# Scala Shapeless Code for Project Euler #2

I've started on my Shapeless solution to Project Euler Problem #2.

I can sum together all the even fibs up to the `Nth` even one with this code:

``````import shapeless._, nat._, ops.nat.Sum

trait Fibonacci[N <: Nat] { type Out <: Nat }

object Fibonacci {
type Aux[N <: Nat, Out0 <: Nat] = Fibonacci[N] { type Out = Out0 }

def apply[N <: Nat](i: Nat)(implicit fib: Aux[i.N, N], n: Witness.Aux[N]):N = n.value

implicit val fib0 = new Fibonacci[_0] { type Out = _2 }
implicit val fib1 = new Fibonacci[_1] { type Out = _3 }

implicit def fibN[I <: Nat, L <: Nat, M <: Nat](implicit l: Aux[I, L],
m: Aux[Succ[I], M],
sum: Sum[L, M]) =
new Fibonacci[Succ[Succ[I]]] { type Out = sum.Out }
}

trait Fibs[N <: Nat] { type Out <: Nat }

object Fibs {
type Aux[N <: Nat, Out0 <: Nat] = Fibs[N] { type Out = Out0 }

def apply[N <: Nat](i: Nat)(implicit fibs: Aux[i.N, N], n: Witness.Aux[N]):N = n.value

implicit def fibs0(implicit f: Fibonacci[_0]) = new Fibs[_0] { type Out = f.Out }

implicit def fibsN[N <: Nat, R <: Nat, Z <: Nat](implicit fib: Fibonacci.Aux[Succ[Succ[Succ[N]]], R],
fibs: Aux[N, Z],
sum: Sum[R, Z]) =
new Fibs[Succ[N]] {
type Out = sum.Out
}
}
``````

Now I can do:

``````val (evenFibs0, evenFibs1) = (Fibs(0), Fibs(1))
typed[_2](evenFibs0)
typed[_10](evenFibs1)
``````

This is how I get all even fibs: I start with the sequence 2, 3, ... , and I sum up every third Fibonacci number.

Now, I am stuck. I'd like to have functionality similar to `takeWhile`, so I can write a function that accepts a `limit` and returns the sum of my even fibs whose terms don't exceed that limit. Any ideas?

Here's my effort for what I've tried so far:

``````trait EvenFibsWithLimit[N <: Nat, M <: Nat] { type Out <: Nat }

trait LowPriorityFibs3 {
type Aux[N <: Nat, M <: Nat, Out0 <: Nat] = EvenFibsWithLimit[N, M] { type Out = Out0 }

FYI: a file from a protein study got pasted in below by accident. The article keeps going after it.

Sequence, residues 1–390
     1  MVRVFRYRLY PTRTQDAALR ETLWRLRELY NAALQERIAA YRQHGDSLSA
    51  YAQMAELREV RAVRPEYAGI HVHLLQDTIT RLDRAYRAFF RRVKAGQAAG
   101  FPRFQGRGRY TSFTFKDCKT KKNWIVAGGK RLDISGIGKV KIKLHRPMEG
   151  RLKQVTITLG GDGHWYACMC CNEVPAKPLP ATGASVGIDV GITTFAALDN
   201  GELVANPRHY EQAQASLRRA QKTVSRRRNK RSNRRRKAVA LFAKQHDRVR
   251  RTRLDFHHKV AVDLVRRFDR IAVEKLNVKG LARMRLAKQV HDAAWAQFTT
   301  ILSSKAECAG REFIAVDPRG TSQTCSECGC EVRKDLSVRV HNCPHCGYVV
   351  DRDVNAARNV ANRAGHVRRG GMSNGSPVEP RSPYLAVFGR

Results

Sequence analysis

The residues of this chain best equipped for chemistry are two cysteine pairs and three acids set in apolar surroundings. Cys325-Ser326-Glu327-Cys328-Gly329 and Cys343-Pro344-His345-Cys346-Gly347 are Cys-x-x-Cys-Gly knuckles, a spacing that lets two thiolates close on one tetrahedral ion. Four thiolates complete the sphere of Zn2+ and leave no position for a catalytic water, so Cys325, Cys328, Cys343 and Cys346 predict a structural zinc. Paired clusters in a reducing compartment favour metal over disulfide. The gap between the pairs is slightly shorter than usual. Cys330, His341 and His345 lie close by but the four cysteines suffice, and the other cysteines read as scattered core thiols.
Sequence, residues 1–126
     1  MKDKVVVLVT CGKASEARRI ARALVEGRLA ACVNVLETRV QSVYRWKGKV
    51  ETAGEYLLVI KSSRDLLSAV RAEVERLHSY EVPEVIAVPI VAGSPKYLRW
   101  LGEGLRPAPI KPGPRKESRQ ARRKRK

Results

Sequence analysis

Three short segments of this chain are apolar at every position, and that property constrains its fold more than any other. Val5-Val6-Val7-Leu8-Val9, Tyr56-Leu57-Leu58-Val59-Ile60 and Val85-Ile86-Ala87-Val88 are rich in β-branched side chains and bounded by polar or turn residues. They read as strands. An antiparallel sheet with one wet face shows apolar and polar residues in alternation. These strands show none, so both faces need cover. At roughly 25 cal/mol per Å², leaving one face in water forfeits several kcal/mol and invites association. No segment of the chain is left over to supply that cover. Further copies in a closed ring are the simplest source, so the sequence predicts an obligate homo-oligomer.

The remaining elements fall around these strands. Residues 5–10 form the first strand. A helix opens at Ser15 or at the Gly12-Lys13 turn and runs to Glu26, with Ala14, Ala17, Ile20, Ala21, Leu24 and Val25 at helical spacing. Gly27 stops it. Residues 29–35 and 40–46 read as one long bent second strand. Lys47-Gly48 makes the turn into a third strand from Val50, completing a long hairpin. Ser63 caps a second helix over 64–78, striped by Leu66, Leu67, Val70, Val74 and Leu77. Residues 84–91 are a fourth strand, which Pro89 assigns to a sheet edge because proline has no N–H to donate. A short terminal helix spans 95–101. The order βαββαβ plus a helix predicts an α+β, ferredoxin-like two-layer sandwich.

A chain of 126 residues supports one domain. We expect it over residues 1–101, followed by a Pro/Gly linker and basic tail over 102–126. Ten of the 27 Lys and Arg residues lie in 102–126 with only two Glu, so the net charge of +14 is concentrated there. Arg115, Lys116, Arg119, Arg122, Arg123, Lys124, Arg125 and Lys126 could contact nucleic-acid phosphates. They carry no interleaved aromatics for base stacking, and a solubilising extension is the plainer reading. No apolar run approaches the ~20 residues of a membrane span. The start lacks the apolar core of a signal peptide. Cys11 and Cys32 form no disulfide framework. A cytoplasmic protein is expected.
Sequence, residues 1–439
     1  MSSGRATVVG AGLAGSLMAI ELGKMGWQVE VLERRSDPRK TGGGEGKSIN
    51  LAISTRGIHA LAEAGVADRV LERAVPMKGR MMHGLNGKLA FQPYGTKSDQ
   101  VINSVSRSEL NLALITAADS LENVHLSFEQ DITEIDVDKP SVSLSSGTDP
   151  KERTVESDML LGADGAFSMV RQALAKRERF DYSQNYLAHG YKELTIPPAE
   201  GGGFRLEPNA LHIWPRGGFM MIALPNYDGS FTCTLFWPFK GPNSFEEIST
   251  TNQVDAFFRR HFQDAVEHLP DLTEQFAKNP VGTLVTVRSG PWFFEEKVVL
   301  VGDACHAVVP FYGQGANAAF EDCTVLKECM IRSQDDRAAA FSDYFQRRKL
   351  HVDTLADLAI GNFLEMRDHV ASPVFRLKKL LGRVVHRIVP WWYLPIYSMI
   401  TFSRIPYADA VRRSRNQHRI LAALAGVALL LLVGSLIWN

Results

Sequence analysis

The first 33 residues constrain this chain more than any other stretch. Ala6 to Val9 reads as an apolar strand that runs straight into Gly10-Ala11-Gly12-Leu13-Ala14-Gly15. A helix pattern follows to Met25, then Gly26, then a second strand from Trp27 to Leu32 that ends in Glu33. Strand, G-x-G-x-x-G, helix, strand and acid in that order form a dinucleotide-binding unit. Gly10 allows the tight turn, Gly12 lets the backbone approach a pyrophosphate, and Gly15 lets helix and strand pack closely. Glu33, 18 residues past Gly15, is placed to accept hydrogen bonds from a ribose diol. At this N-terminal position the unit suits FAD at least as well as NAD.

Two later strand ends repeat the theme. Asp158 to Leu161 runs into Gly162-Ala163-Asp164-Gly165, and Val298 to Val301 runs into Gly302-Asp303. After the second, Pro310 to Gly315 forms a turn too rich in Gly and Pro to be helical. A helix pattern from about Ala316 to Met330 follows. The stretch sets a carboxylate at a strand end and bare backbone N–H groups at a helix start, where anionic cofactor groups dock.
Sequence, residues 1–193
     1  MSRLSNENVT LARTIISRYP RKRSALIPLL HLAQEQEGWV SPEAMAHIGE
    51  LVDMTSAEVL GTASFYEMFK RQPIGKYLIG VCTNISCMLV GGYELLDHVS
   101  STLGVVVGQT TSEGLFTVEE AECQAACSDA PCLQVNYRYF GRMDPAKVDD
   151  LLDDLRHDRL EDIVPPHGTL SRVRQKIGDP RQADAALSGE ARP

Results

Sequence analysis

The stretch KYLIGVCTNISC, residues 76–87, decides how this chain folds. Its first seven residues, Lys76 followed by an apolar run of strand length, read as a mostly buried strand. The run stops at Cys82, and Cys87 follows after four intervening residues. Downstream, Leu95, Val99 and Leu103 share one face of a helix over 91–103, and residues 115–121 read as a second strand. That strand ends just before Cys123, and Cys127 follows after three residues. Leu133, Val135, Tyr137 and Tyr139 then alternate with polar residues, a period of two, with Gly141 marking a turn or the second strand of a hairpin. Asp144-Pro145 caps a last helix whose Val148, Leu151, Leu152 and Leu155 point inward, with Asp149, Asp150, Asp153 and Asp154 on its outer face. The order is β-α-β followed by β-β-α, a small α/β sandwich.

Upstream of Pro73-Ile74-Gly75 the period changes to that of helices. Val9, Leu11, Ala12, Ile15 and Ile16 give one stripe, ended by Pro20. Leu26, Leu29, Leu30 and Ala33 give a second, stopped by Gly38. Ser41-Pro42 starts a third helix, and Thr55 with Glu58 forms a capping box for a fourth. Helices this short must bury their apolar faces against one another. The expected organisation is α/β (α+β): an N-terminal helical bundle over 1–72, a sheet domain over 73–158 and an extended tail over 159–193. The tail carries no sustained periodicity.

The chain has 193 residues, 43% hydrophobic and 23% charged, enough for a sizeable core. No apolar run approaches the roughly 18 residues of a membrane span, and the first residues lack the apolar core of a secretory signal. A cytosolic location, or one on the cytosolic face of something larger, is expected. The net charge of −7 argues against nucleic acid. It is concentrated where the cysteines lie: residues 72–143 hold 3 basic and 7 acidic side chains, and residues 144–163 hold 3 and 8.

implicit def fibs0[M <: Nat] = new EvenFibsWithLimit[_0, M] { type Out = _0 }

implicit def fibsGT[N <: Nat, M <: Nat, O <: Nat](implicit f: EvenFibsWithLimit[N, M],
fib: Fibs.Aux[N, O],
l: ops.nat.LT[M, O]) = f
}

object EvenFibsWithLimit extends LowPriorityFibs3 {
def apply[N <: Nat, O <: Nat](limit: Nat)(implicit fibs: Aux[N, limit.N, O],
o: Witness.Aux[O]): O = o.value

implicit def fibsN[N <: Nat, M <: Nat, O <: Nat](implicit f: EvenFibsWithLimit[N, M],
f2: Fibs.Aux[Succ[N], O],
d: ops.nat.Diff[M, O]) =
new EvenFibsWithLimit[Succ[N], d.Out] {
type Out = O
}
}
``````

The idea was to recursively subtract the limit by the output until the output is less than the limit. I can definitely smell something is off. I don't think I need `Diff` at all.. I've tried some other variations too, but I keep getting stuck. When I compile, I get the error `diverging implicit expansion for fibsN.`

EDIT:

I was thinking maybe I can construct an `HList` of my `Fibs`, and use `Selector` with a predicate typeclass to simulate a `takeWhile`. Thoughts?

I find that the best way to approach this kind of problem is to step through the natural numbers while thinking about the information I need to keep track of.

On paper I'd use something like this:

``````N  1  2  3  4  5  6  7  8  9 10 11 12 13 14 15